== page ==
BADLY damaged, dirty or even torn United States dollar notes remain valid for all transactions and can be exchanged as legal tender.
This comes as some businesses and individuals have been rejecting soiled or older US bank notes, an unpopular practice that has inconvenienced the public.
However, in a notice posted on its official Twitter handle yesterday, the US embassy said damaged notes, as long as they are more than half of the bill, with recognisable security features remain tradable because they are not mutilated currency.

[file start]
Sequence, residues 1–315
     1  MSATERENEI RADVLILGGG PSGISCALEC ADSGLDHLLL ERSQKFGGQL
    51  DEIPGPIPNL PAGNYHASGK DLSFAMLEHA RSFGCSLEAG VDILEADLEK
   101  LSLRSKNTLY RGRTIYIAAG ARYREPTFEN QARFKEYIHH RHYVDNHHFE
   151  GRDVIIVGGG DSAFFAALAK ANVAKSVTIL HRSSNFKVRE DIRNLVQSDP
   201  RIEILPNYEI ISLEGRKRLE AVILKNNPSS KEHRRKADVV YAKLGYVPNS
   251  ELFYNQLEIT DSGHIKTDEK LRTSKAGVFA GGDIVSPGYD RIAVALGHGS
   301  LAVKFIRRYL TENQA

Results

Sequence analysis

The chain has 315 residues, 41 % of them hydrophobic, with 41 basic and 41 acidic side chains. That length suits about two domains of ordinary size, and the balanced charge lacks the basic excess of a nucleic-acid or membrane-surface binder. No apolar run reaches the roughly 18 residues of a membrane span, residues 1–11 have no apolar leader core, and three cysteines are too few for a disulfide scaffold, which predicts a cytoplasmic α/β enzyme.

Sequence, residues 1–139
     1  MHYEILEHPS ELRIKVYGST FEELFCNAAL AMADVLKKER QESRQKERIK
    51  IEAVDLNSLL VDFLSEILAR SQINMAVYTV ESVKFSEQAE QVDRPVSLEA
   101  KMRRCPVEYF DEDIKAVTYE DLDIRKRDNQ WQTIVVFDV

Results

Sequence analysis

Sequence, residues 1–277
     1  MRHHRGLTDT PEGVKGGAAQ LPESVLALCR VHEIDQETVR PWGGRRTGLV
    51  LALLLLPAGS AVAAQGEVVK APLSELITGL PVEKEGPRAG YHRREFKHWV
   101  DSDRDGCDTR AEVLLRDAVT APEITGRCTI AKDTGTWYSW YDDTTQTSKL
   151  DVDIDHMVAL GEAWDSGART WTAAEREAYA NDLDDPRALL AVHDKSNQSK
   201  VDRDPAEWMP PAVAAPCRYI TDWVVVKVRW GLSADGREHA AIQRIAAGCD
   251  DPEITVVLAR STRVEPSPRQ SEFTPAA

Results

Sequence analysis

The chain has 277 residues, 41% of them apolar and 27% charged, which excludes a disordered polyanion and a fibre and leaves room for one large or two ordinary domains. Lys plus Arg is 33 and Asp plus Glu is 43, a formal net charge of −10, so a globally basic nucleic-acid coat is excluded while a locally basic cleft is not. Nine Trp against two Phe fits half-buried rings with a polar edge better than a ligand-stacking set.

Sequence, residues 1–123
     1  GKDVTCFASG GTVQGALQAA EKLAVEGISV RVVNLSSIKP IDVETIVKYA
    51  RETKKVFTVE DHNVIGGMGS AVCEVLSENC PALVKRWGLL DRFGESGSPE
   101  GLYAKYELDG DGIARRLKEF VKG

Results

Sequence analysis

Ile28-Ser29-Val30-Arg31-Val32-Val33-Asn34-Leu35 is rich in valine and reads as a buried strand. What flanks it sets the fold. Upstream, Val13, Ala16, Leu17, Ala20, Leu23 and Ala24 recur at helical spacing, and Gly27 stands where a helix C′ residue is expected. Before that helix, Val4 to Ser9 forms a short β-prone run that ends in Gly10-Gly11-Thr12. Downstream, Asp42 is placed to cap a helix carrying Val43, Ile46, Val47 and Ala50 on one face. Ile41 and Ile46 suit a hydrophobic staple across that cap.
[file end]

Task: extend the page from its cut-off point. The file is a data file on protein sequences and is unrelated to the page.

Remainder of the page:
“Any badly soiled, dirty, defaced, disintegrated, limp, torn, or worn out currency note that is clearly more than one-half of the original note, and does not require special examination to determine its value, is not considered mutilated,” reads the statement.
Mutilated currency is classified “as currency which has been severely damaged — to the extent that its value is questionable, or security features are missing”.
Some retailers have been rejecting soiled US dollar notes, which are still in use as the Government slowly de-dollarises, all the while allowing the use of free funds in the economy as well as duty payments.
In line with the Government’s position, most of the country’s major retailers are quoting their prices both in local and US dollars.